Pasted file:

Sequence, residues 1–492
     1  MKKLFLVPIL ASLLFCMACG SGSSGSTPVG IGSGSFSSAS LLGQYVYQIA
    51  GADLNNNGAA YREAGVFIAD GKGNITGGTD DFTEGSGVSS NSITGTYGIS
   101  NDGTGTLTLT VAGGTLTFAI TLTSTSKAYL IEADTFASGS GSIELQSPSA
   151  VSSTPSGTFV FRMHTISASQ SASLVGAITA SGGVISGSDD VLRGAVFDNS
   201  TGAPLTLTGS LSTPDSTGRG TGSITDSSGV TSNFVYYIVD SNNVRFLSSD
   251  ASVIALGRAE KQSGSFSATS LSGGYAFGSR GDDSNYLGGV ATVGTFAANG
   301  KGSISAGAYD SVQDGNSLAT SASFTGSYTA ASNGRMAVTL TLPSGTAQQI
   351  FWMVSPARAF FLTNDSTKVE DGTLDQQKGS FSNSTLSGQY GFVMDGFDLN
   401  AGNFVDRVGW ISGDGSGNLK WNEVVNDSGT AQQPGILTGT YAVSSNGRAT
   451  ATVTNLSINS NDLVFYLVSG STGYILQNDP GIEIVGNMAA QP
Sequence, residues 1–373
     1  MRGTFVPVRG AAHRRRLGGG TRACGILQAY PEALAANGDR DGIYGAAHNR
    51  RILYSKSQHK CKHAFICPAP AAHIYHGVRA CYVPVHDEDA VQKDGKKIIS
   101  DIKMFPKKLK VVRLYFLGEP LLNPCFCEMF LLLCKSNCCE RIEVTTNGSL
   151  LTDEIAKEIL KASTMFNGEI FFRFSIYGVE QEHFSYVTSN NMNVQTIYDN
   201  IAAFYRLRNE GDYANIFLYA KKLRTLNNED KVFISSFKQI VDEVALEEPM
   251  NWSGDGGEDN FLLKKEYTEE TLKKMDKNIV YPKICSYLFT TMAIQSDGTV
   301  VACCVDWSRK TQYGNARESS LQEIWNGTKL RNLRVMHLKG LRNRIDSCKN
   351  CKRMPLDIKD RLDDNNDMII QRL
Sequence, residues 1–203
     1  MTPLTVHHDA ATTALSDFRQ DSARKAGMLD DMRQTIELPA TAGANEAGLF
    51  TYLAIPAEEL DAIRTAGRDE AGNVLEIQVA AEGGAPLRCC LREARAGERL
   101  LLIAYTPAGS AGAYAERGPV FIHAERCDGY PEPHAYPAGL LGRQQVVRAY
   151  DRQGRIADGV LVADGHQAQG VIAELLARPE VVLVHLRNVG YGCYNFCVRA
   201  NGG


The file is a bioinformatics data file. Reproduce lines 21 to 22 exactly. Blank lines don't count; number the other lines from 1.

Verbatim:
Sequence, residues 1–203
     1  MTPLTVHHDA ATTALSDFRQ DSARKAGMLD DMRQTIELPA TAGANEAGLF